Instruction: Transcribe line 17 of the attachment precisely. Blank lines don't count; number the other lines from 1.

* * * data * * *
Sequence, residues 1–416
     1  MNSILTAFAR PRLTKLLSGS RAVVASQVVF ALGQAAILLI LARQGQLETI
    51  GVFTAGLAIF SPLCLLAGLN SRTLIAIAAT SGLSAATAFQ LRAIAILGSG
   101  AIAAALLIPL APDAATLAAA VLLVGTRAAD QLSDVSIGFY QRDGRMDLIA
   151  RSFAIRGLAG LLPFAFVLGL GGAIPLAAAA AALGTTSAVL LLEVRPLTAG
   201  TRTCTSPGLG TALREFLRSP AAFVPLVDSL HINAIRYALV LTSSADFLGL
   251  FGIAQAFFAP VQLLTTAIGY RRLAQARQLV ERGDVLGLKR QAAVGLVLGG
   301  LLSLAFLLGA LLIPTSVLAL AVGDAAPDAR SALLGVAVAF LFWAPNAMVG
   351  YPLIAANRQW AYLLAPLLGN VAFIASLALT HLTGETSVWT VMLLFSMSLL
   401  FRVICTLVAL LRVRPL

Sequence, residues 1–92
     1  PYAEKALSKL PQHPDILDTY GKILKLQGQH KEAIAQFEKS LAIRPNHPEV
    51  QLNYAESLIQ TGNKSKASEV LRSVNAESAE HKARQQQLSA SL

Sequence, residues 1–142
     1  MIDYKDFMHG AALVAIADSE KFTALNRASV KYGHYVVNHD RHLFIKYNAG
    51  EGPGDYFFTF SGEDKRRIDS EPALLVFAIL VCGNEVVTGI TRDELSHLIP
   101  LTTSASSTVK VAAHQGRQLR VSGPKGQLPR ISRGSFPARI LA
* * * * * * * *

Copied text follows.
   101  LTTSASSTVK VAAHQGRQLR VSGPKGQLPR ISRGSFPARI LA